Richfield BLM Travek Plan Suffers Setback

November 5, 2013

The following is a media release from the BRC – re-published with permission.


CONTACT: Paul Turcke
PHONE: (208) 331-1800
DATE: November 5, 2013


SALT LAKE CITY, UT (November 5, 2013) — The U.S. Court for the District of Utah yesterday issued a decision that declared certain aspects of the Bureau of Land Management’s (BLM) Richfield Field Office vehicle Travel Plan unlawful. BLM spent over six years preparing the Plan, which was released in October, 2008. The Plan covered 2.1 million acres in south-central Utah, and substantially reduced vehicle access, nearly eliminating “open” designations and restricting vehicle travel to a reduced network of designated routes.

Despite these restrictions, a coalition of preservationist groups led by the Southern Utah Wilderness Alliance challenged the Travel Plan. Many of their arguments were rejected, but the Court ruled that BLM failed to adequately tie its route designations to the “minimization criteria” first announced in a pair of forty year-old Executive Orders, and failed to conduct on-the-ground inventories for archeological resources in violation of the National Historic Preservation Act.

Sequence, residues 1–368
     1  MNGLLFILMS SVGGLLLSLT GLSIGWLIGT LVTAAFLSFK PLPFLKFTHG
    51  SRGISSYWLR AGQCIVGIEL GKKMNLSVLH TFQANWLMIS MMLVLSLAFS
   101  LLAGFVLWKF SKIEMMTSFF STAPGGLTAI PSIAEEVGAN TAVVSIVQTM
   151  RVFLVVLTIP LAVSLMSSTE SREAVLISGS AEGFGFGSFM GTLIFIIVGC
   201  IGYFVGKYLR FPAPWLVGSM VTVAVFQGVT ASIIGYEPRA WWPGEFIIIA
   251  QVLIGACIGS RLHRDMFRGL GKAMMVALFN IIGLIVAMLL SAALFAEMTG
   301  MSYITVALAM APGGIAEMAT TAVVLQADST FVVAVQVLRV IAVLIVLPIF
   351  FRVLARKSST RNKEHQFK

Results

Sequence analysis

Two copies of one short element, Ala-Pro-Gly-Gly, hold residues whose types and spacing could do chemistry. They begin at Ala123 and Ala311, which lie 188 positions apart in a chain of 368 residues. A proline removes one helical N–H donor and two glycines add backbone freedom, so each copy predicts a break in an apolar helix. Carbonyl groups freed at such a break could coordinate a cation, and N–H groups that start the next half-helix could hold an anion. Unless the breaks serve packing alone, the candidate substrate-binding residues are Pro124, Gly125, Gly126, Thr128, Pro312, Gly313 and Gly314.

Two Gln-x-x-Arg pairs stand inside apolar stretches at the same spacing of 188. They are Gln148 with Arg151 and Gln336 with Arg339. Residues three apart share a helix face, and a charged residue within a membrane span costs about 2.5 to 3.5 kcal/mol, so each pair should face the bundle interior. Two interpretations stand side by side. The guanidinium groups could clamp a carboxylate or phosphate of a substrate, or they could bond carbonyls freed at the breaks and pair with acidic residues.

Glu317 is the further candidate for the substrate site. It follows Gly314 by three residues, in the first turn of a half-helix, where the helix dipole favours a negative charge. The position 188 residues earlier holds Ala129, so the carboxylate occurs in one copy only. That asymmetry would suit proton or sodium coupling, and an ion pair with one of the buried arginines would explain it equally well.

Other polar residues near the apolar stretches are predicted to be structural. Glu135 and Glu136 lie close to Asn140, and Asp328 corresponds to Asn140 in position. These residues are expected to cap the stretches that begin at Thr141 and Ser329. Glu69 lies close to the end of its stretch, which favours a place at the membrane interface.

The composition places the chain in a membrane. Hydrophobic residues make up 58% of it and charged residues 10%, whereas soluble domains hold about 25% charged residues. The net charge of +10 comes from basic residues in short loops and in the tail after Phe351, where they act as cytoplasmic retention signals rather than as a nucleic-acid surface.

“We are, of course, disappointed in this result,” stated Brian Hawthorne, Utah Policy Advisor with the BlueRibbon Coalition, an access advocacy group. Hawthorne noted the on the ground effects of the ruling remain to be seen because the Court has yet to decide how the BLM should remedy the 2008 Travel Plan. “Our work here is far from finished and begins with encouraging the Court to shape a properly limited remedy that allows the BLM to efficiently finish its business,” Hawthorne concluded.

Numerous parties intervened in the case to respond to the preservationist claims, including the Trails Preservation Alliance (TPA), Colorado Off Highway Vehicle Coalition (COHVCO) and the BlueRibbon Coalition (BRC).

This decision comes in a long line of battles over BLM access management in Utah. A 2000 lawsuit by SUWA was dismissed on a motion filed by BRC, and that ruling was affirmed by a 9-0 U.S. Supreme Court decision in 2004. A copy of yesterday’s decision can be viewed at

The Court will accept further briefing on the question of remedy. The litigation schedule contemplates now moving to the preservationists’ challenges to five other Utah Plans, which include the Moab, Vernal, Price, Monticello and Kanab field offices.